Resource Reviews: A-Star Classroom
Friday, October 1, 2021
Elizabeth Stafford reviews A-Star Classroom, a new online resource for non-specialist primary teachers.
Classroom instrument manufacturer A-Star is expanding their offer by launching an online resource hub for non-specialist primary teachers. The online A-Star Classroom will provide fact sheets, videos, lesson plans and cross-curricular activities designed for use with A-Star classroom percussion instruments. Launched this month, the resource will gradually expand with more content added monthly to allow teachers to explore a range of different cultures and sounds with their class.
I started by looking at the instrument cards, which are structured very much like knowledge organisers but are much more useful in that they cover the skill of how to play the instrument as well as facts about the instrument. I can see both teachers and pupils finding these useful, particularly in a knowledge-rich curriculum environment. These are supported with clearly presented ‘how to play’ videos, and the combination of these videos with the cards means that teachers who might previously have wondered what on earth the strange items in their instrument trolley are will have all the support they needed to learn to play and classify these.
I then moved onto looking at the scheme of work ‘A Musical Learning Journey’, which aims to introduce pupils to styles, rhythms and sounds from around the world, with a focus on the interrelated dimensions of music. This scheme of work consists of six lessons each for Key Stage 1 and 2, so could be slotted into a curriculum alongside other schemes of work and resources.
The resources are easy to navigate on the site, which is always a key consideration for time-poor primary teachers! A brief overview of each scheme of work is available as a PDF download, where a lesson objective is listed alongside the skills and dimensions of music covered in the lesson. I found that the lesson objectives chosen didn't always match the criteria for a true objective – some of them were descriptions of the activity that would take place in the lesson, rather than of the learning that would be developed through the activity. The skills and interrelated dimensions listed also did not always map onto the National Curriculum particularly well, with areas like ‘arranging’ featuring in the KS2 skills, and ‘melody’ ‘rhythm’ and ‘pulse’ appearing as interrelated dimensions.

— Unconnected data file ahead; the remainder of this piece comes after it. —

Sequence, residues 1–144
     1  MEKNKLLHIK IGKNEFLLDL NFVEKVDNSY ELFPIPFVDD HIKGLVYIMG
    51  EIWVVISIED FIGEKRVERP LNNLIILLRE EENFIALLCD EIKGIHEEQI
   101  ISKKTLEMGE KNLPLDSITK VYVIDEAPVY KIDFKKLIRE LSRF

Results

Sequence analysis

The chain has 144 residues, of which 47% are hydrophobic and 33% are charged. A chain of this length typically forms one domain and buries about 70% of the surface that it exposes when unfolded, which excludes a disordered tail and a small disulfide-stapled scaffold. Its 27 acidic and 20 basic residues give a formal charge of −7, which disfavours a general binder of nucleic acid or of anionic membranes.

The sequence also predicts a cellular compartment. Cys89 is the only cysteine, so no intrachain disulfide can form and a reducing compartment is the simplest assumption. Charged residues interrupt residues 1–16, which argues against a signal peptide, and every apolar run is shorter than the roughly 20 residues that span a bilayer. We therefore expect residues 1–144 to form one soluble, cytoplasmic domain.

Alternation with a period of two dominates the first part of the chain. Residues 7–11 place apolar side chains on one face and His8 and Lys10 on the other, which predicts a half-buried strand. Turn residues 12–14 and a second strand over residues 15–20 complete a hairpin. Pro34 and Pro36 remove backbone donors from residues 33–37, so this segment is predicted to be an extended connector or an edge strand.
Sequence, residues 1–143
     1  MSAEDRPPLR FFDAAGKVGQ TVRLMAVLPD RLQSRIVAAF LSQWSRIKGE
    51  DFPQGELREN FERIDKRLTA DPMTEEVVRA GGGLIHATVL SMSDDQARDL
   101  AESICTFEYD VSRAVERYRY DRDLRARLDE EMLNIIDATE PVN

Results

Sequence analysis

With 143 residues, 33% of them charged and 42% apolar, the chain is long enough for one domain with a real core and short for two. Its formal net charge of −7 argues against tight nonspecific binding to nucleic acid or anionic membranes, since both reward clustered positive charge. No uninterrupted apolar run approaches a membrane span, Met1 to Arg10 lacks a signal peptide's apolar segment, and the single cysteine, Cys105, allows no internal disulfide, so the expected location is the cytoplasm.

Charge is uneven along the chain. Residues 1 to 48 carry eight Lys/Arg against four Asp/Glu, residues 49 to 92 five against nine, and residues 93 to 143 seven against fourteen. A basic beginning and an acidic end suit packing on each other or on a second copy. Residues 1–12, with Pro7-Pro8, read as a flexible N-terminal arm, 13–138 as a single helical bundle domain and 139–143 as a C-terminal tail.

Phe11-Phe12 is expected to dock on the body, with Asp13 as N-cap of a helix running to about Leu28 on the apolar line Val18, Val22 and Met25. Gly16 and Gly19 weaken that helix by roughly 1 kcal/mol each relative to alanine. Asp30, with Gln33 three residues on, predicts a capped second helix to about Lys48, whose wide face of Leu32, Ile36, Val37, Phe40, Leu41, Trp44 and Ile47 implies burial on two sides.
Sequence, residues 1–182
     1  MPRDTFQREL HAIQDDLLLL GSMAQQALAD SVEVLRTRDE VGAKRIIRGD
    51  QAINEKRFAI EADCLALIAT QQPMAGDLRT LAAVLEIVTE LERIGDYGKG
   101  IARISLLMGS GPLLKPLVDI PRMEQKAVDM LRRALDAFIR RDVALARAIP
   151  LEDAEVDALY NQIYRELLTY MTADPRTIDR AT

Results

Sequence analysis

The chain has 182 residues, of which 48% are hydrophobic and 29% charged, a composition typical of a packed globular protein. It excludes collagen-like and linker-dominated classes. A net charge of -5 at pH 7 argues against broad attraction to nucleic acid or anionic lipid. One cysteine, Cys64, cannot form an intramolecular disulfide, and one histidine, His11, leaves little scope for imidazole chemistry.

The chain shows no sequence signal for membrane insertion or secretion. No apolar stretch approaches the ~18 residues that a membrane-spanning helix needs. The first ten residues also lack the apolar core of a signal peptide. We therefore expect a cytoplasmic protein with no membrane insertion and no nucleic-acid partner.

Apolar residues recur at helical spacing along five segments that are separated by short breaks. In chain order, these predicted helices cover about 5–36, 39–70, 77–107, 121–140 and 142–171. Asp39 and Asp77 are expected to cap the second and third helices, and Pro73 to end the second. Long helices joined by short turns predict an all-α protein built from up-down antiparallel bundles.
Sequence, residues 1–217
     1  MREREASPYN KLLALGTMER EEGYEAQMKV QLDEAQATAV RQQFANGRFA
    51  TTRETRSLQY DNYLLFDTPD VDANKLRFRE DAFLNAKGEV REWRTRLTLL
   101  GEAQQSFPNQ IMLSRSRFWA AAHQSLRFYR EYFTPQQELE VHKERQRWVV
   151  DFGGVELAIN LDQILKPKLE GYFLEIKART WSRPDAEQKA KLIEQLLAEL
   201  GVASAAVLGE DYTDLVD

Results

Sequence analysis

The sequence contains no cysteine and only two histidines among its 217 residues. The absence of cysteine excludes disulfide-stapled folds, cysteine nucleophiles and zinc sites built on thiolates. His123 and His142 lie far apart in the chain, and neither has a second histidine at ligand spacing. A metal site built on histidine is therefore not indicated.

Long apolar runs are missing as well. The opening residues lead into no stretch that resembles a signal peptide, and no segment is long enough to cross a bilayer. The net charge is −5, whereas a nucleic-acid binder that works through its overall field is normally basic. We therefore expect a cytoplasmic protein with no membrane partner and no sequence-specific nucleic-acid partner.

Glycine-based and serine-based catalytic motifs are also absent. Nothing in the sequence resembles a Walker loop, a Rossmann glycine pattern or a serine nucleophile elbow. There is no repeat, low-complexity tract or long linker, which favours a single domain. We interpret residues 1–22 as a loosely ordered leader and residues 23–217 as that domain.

There is no questioning that these are useful things to learn about, but because the terminology is not taken directly from the National Curriculum, I can see how this might be confusing for non-specialists. Perhaps this will be explained for teachers in the lesson plans, which were not yet available to view, or in the teacher videos, of which only one was available.
The pupil-facing videos were clearly presented, and it was great to have some signing along with the speaking, making the videos more accessible. The scheme suggests that teachers can either use the videos to teach the class, or as an example for them to copy themselves. I think it would be a struggle to use the videos directly with the pupils as the pace is quite slow, and the quality of the editing and audio means that the sound doesn't always match the actions. Some of the timing and tuning is slightly out, which, when the activities demonstrated require call and response, is going to cause confusion in the classroom. As an example of what to do with the children, which the teacher could then replicate at a more suitable pace, these videos could prove useful, although some care would need to be taken with the content – I wasn't overly convinced by some of the definitions and categorisation of the interrelated dimensions in the videos.
Backing tracks are also provided to support learning, and although only one set was currently available to listen to, these were of good quality and would provide an authentic backdrop for pupil activities. It is a shame that these are not downloadable so that teachers are able to use these with devices that are not internet enabled, such as a sound system for performances.
This resource has potential to provide an opportunity to explore percussion-based music from around the world authentically, and it will be interesting to see how it develops. In particular, I think there is an opportunity to add true cross-curricular content in terms of geography, science and history (the current extracurricular content is colouring sheets and word searches), and more original musical content rather than relying on the ‘old favourite’ songs familiar to most primary schools. The pricing structure reflects the resource's current limitations, and the instrument pack in particular represents good value for money.